"Here we go again--another acquisition reform effort." That's what many people said when they heard about the Section 809 Panel. When the panel formed in August 2016 as directed by Congress, excitement and cynicism abounded.
The well-known Wifcon blogger Vern Edwards wrote, "The problem is that, unless I'm mistaken, they're old."
It's true the panel of seasoned experts have a collective 350 years of experience in defense acquisition as well as industry. Did their years navigating that infamous bureaucratic morass hold them back or motivate them to fix systemic problems they knew all too well?
Now that the panel's work is done, some observers have changed their tune and worry the 98 recommendations are too radical. So has the panel been too bold or not innovative enough? As operations wind down for a closing date of July 15, panel members took the opportunity to reflect on what the panel's legacy might be, mixing healthy doses of optimism with tempered pragmatism.
In January, the panel delivered to Congress and the secretary of defense its third and final volume of recommendations, sending over 2,400 pages of data-driven analysis, discussion and rationale with corresponding line-in, line-out changes to statutes and regulations. This approach differentiates the panel from previous reform efforts, increasing the likelihood of recommendations being implemented and decreasing the chances they will be misunderstood. The panel also took on "Big A" acquisition--requirements, resources and acquisition--not just one part of the system.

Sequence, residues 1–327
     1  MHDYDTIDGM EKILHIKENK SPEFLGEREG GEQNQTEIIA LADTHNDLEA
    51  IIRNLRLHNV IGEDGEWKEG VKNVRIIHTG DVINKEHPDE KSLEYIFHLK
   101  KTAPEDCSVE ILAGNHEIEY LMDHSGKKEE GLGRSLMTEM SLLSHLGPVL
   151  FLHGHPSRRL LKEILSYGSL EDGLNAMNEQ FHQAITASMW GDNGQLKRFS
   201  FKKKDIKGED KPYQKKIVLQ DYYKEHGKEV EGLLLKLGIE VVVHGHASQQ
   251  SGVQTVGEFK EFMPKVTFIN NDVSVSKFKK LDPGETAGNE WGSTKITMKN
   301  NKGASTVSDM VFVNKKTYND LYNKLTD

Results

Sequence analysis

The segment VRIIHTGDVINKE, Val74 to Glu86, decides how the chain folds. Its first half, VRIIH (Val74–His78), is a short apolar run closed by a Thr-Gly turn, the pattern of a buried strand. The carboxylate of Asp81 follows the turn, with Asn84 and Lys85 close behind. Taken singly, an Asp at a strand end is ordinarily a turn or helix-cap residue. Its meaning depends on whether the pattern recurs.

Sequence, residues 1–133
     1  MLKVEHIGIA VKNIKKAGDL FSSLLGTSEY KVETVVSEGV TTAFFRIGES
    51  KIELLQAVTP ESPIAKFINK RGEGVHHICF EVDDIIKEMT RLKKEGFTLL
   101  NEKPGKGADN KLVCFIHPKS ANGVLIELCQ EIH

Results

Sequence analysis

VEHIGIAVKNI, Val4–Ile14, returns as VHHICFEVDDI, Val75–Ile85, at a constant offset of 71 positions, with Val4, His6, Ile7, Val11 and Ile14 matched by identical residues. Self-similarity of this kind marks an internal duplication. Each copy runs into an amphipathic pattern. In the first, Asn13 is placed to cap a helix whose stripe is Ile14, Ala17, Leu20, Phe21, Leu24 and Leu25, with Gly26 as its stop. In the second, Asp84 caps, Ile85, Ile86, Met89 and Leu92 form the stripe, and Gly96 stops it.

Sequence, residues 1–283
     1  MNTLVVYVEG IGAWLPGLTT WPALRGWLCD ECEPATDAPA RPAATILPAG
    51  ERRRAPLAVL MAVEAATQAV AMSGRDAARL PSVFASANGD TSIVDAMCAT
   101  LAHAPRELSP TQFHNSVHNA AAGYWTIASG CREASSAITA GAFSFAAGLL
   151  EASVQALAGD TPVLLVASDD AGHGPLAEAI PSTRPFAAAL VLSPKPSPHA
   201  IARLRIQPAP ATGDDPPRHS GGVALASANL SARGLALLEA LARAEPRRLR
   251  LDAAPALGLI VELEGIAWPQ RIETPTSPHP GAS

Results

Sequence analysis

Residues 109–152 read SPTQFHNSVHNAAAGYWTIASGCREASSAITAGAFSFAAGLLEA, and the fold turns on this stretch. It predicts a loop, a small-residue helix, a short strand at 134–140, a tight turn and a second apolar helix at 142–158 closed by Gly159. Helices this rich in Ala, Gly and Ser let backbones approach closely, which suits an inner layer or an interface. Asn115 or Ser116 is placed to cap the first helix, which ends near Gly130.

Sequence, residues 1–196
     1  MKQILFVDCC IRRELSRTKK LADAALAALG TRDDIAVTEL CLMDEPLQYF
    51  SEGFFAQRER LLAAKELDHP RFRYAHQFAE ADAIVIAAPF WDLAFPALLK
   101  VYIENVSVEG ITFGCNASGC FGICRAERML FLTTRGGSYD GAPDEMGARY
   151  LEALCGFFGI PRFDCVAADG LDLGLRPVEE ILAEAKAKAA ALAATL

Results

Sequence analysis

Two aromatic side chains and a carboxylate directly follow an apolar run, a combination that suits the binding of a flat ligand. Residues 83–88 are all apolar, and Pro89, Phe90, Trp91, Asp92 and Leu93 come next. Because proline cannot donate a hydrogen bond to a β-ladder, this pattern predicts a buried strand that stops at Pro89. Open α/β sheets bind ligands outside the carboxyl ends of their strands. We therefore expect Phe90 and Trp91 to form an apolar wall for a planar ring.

"Other similar reform efforts over the past 50 years have been focused primarily in a particular area such as contracting, services or program management," said Commissioner Larry Trowel. "The 809 Panel touched on the full range of areas that impact the success of DoD procurement: program authority, budget, services, workforce, contracting, requirements development and more."
The last time acquisition reform was tackled on this scale was the Section 800 Panel in the early 1990s. That effort led to the Federal Acquisition Streamlining Act (FASA) and the Federal Acquisition Reform Act (FARA). Since then, the threat landscape has changed and acquisition continues to struggle to keep pace. As stated in the 2018 National Defense Strategy, "Success no longer goes to the country that develops a new technology first, but rather to the one that better integrates it and adapts its way of fighting. Current processes are not...